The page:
Why are Utah's unemployment and welfare rates well below the national average?
One big reason may be a ''network'' in Mormon churches which helps members learn of job openings in companies where other members work. Like a ''good ol' boy network,'' the Mormon network passes word of available positions usually before they are officially listed, giving church members a leg up on the job-hunting process.
''It's a contact system which really works well,'' states Glenn L. Pace, manager of welfare services for the Church of Jesus Christ of Latter-day Saints (Mormon).
At Sunday meetings, members are asked to list any job openings they know and encouraged to keep a lookout for new ones. The information travels into any of the 40 job placement centers around the country, with six of them in Utah. Although women are included in the process, Mr. Pace said, ''they are not very involved.''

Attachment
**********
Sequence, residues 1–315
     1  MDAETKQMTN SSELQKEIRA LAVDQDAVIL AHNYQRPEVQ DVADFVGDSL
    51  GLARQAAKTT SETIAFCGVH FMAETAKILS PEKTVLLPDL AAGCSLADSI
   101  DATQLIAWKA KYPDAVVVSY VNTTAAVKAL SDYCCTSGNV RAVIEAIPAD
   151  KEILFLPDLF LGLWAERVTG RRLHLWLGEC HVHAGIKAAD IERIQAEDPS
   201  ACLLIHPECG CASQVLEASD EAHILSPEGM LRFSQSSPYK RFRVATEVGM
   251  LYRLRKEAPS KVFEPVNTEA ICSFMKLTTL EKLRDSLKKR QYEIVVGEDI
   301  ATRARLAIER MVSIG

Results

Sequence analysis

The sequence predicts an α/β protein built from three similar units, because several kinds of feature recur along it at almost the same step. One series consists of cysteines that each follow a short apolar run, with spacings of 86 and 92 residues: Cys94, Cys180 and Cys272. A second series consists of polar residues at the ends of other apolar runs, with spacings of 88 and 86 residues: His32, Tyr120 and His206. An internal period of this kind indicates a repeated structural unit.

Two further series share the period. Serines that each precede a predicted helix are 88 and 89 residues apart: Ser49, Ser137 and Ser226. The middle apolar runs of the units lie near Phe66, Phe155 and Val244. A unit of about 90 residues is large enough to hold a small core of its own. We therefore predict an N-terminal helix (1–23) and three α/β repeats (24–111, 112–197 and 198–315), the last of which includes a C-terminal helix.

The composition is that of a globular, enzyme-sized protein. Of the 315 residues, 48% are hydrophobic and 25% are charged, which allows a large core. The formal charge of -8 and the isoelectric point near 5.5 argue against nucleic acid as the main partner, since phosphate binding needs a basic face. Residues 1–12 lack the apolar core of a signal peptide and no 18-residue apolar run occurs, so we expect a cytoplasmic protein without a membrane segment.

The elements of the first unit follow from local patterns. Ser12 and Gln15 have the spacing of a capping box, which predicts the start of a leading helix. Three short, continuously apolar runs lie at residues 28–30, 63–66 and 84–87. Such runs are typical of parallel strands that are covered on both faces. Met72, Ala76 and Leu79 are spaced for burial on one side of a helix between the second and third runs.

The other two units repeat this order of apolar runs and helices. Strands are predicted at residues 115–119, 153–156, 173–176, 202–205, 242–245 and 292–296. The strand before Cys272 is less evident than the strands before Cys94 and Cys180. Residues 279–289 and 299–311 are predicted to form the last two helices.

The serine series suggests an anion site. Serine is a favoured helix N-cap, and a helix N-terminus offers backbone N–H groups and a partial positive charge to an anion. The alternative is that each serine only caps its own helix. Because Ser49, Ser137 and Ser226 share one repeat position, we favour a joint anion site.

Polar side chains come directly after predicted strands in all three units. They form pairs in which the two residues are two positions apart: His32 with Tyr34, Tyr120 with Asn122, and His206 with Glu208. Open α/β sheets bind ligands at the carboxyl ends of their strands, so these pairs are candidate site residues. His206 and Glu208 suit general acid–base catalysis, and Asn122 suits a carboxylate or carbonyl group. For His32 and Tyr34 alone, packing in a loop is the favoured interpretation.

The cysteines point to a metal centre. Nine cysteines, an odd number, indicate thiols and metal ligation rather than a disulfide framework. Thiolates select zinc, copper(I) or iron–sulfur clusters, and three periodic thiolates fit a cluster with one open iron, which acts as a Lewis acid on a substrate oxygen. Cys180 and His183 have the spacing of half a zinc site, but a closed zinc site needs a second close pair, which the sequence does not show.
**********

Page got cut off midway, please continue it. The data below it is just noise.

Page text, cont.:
Last year, about 30,000 Mormons found jobs through the church's job placement services, mainly in the West where most of the church's members live. Over 52, 000 jobs were offered through the center, many by companies seeking Mormons because of their good work habits.
The service, coordinated at the church headquarters in Salt Lake City, claims it has a much higher success rate in finding jobs for members than similar professional services.
Begun in 1936 during the depression, the church welfare system provides a wide range of services to members in need and was recently cited by President Reagan as an example of ''help-thy-neighbor-help-himself'' volunteer action which he says is better than public assistance.
The number of Mormon job centers has increased steadily in the last decade. Another 12 centers are planned in the next year, as well as a nationwide computer hookup through Salt Lake headquarters to speed up information on available positions.
''As times get tougher, we swing more into the contact system,'' Mr. Pace said.